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Gestalt Language Processing

Did you know that children learn language in different ways?

 

There are two styles of language acquisition known as analytic and gestalt, and it's helpful for parents to understand which style their child is using to process language. Understanding this can guide parents in supporting their child's growing language skills and determining if they might benefit from speech therapy.

Analytic language processing involves learning single words as units first, then progressing to combining words into different phrases and sentences. On the other hand, gestalt language processing (GLP) begins with the child imitating phrases they've heard before breaking down the phrase as they learn the meaning of individual words. This can sometimes manifest as delayed echolalia, where a child repeats phrases they've heard without necessarily understanding each word's meaning. While typical language acquisition often follows an analytic path, many children also use aspects of gestalt language processing, especially in early development.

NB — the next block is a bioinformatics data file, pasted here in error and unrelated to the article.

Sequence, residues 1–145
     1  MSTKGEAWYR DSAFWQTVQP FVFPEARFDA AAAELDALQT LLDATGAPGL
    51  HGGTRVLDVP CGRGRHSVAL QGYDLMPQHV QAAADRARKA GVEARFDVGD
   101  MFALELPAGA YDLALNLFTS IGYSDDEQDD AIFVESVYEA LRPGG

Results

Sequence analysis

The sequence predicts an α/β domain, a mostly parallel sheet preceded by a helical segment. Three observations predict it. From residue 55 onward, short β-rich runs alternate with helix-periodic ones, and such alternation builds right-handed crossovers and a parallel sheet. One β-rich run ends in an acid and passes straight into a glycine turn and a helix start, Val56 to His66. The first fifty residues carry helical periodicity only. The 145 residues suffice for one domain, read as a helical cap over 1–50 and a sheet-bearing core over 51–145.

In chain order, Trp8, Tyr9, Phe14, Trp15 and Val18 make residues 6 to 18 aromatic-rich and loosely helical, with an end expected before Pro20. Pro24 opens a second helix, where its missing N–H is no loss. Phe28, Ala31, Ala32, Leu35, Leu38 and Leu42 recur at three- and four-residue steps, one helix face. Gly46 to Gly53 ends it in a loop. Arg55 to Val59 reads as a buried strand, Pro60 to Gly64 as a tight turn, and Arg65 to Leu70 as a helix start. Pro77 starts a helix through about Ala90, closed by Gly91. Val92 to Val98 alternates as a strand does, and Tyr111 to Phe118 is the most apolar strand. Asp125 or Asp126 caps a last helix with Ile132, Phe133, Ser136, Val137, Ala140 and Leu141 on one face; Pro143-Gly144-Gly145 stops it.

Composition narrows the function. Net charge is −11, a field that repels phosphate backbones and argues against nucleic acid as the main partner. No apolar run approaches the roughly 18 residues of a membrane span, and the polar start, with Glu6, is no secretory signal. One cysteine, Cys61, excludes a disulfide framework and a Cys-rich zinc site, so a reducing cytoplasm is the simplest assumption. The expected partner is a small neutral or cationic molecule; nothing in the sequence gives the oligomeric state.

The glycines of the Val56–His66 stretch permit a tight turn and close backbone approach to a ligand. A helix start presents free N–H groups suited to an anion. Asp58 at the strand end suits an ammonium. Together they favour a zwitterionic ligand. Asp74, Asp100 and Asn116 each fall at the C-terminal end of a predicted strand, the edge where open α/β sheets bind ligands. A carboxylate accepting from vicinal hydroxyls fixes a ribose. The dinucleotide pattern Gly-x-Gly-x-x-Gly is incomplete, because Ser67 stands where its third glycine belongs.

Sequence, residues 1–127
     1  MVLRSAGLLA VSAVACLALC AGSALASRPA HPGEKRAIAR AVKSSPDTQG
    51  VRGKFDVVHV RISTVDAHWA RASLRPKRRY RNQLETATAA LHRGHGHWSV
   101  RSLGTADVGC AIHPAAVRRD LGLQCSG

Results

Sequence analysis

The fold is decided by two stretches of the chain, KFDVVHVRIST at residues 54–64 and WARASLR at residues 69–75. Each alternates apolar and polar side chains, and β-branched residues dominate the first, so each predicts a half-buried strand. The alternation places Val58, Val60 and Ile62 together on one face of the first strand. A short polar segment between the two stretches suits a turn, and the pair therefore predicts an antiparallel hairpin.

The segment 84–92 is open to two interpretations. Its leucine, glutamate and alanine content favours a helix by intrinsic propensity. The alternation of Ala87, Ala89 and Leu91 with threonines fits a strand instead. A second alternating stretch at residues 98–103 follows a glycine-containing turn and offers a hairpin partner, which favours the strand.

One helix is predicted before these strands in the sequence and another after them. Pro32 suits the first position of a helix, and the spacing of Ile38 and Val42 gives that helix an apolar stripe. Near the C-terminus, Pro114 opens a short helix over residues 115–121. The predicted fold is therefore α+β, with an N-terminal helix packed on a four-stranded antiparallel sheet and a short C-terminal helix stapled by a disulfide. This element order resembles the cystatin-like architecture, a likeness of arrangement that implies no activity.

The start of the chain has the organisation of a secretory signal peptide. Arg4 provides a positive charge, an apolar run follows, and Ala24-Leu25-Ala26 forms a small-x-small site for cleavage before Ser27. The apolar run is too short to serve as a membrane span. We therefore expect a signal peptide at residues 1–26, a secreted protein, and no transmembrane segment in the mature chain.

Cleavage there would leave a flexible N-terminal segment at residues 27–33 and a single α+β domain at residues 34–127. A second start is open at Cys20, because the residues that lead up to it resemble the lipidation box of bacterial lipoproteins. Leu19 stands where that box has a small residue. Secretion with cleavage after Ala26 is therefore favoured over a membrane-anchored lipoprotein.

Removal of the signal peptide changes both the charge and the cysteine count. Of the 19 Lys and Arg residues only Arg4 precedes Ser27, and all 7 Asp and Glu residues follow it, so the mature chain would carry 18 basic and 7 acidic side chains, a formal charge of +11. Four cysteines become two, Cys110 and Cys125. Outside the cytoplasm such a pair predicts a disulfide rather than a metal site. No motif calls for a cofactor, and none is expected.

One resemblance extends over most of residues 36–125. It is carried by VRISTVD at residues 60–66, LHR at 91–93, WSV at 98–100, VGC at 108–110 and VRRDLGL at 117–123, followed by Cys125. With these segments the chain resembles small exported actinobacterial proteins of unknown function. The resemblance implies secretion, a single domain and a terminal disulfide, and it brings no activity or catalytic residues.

If your child appears to be developing language through gestalt language processing or an analytic style, it's important to understand their unique approach to language learning. Recognizing echolalia, whether immediate or delayed, can provide insights into how your child is processing language. By helping your child break down echolalic phrases and understand the individual words' meanings, you can support their development of functional language skills.

If you have concerns about your child's language development, consider seeking an evaluation by a speech-language pathologist (SLP). An SLP can assess your child's expressive and receptive language skills and provide recommendations for therapy if needed. If you'd like to learn more or discuss your child's specific needs, please don't hesitate to reach out to us!

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